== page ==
Nominations for Critical Use Exemptions (NCUEs) for 2007 to the Protocol Secretariat,
the EPA stated that future U.S. demands for MeBr would likely decline due to
introduction of promising alternatives for some applications in the marketplace.15

      U.S. Negotiations under the Montreal Protocol. At the 15th Meeting of
Parties to the 1987 Montreal Protocol (MOP) held in November 2003 in Nairobi, Kenya,
the Department of State (DOS) had negotiated NCUEs approved by the EPA for the 2005-
2006 growing seasons. To manufacture MeBr for those NCUEs, the EPA recommended
CUAs of 39% of 1991 baseline production levels for 2005 and 37% for 2006. (See Table
1, below.) The U.S. request was the largest among industrialized country parties.16
During negotiations, some delegates questioned whether, “for the United States, what was
being sought was truly essential.”17 Decisions about final MeBr production allowances
for industrialized countries were deferred until the 16th MOP held in Prague, The Czech
Republic in November 2004. Parties awaited “needs analysis” by the U.N. Environmental
Program (UNEP) Methyl Bromide Technical Options Committee (MBTOC) that would
estimate total international tonnage of MeBr needed for 2005-2006.

     An “Extraordinary MOP” (EMOP/1) held in February 2004 in Montreal, Canada,
authorized U.S. CUAs for 2005 at 37.5% of 1991 tonnage level, or 9,562 Mt. This
amount included a supplemental CUA of 2.5%, or 638 Mt and came closer to what the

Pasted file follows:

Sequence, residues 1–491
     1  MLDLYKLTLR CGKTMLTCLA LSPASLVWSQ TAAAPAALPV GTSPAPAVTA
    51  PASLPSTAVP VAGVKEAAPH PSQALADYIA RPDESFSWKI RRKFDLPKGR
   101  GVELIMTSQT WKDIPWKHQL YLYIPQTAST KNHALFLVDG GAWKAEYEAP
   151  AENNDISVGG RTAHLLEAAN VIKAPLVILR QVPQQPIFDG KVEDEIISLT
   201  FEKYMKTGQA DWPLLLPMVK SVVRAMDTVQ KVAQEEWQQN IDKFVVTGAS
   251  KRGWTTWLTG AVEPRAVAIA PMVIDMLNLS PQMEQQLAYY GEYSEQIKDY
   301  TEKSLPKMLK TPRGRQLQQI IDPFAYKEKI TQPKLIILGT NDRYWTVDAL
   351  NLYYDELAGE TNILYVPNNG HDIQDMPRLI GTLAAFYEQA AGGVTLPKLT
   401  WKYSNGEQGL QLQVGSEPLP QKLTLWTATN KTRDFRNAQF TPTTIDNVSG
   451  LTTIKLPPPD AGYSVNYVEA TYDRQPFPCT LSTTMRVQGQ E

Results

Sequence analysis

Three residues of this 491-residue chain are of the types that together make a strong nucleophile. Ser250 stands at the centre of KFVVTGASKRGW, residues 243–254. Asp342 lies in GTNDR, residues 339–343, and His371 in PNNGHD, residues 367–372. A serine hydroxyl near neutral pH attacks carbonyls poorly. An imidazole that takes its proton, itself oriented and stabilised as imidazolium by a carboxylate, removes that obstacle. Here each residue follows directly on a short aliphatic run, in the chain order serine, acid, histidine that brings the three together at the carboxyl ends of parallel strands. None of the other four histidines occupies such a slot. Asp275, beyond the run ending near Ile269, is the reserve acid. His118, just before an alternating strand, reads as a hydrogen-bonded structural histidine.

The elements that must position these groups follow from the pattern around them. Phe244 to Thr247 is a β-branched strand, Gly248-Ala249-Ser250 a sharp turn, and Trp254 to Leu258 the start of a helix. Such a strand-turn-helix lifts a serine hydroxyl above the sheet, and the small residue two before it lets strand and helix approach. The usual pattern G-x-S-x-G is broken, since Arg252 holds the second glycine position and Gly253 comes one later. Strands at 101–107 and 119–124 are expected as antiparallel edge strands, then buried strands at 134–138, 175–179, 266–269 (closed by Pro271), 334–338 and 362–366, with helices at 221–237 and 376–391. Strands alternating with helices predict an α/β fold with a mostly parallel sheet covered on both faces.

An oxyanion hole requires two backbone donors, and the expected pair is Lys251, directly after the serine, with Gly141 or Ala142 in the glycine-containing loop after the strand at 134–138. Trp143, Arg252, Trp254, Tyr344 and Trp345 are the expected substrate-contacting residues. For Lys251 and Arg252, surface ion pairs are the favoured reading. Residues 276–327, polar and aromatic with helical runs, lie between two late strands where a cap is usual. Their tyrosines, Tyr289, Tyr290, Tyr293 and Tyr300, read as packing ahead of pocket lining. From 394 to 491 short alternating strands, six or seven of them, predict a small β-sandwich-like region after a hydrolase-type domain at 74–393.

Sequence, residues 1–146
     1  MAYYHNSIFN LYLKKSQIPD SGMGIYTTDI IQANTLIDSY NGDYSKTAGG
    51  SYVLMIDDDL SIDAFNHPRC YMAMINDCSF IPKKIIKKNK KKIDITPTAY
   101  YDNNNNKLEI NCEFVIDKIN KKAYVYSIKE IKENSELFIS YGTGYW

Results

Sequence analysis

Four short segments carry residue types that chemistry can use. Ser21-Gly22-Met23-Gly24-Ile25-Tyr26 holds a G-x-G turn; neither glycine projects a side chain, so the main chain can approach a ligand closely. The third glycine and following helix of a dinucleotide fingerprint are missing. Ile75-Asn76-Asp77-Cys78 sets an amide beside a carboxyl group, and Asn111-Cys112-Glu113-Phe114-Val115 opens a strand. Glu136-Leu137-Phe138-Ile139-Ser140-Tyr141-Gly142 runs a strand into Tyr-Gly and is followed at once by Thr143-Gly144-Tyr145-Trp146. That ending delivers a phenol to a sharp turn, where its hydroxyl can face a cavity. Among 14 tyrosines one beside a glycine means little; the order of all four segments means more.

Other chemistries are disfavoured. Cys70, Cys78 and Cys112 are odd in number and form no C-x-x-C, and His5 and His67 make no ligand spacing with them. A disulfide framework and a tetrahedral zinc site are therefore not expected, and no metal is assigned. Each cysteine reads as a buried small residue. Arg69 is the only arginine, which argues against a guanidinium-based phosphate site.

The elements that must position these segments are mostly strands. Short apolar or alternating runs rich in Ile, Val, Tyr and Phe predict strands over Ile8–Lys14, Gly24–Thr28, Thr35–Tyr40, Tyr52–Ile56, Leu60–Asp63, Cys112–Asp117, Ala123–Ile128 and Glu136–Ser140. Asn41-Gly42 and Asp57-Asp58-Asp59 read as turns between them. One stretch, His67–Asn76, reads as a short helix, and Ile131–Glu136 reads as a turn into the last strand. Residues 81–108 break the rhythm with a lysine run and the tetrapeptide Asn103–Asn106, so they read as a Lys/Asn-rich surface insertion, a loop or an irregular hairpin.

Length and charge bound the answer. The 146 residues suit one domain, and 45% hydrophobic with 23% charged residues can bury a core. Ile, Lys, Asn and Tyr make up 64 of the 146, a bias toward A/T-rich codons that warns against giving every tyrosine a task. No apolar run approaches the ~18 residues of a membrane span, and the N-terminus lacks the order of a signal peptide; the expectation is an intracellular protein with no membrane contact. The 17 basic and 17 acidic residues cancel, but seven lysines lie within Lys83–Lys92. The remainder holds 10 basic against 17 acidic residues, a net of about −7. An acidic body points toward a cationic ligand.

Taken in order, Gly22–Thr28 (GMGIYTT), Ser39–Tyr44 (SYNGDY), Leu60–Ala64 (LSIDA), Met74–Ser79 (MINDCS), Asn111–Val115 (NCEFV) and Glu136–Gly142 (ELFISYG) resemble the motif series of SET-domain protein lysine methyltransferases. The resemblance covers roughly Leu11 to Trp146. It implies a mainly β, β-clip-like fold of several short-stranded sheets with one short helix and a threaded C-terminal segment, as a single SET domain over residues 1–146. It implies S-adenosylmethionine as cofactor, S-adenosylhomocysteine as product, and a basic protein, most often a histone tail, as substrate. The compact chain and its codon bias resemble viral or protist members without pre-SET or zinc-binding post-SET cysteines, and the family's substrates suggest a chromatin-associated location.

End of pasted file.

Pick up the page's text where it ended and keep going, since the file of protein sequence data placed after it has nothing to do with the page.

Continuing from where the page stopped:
United States had originally sought for 2005. However, U.S. negotiators were warned
that CUAs could be reduced to 27% of 1991 baseline, or 6,900 Mt, for the 2006 growing
season. Protocol parties at a second meeting (EMOP/2), held in July 2005 in Montreal,
Canada approved final U.S. CUAs for 2006 at 32%, or 8,160 Mt. At the 17th MOP, held
in December 2005 in Dakar, Senegal Protocol parties approved U.S. CUAs of 26.3%, or

  The Senate Committee on Foreign Relations considered Treaty Doc. 106-32, decided Oct. 2,
2002, which restricted international trade of MeBr among Montreal Protocol parties except by
exporting and importing licenses approved by Protocol parties. U.S. withdrawal from the treaty
would mean a loss of exporting privileges with other industrialized and Article 5(1) parties.
  EPA, “Methyl Bromide for U.S. ‘Critical Uses’ Continues Steady Decline Under International
Ozone Layer Protection Treaty,” EPA Newsroom (online), Nov. 13, 2006, available at
cdfc7eb85257225005a88ae!OpenDocument], accessed Dec. 6, 2006.
  EPA, “U.S. Government Nominates Critical Use Exemptions for Methyl Bromide: Materials
Submitted to the Ozone Secretariat of the United Nations, [EPA] Environmental News, Feb. 7,
2003, at [], accessed Sept. 18, 2006.
  Andrew Revkin, “U.S. Seeks Exemptions for Pesticide, European Union Leads Critics as
Ozone Talks Open in Nairobi,” New York Times, Nov. 11, 2003, p. 3.

6,749 Mt for 2007 growing season, or about 91% of EPA’s request.18 This amount
included 5,100 Mt, or 20% of baseline, for new production and imports (CUAs), and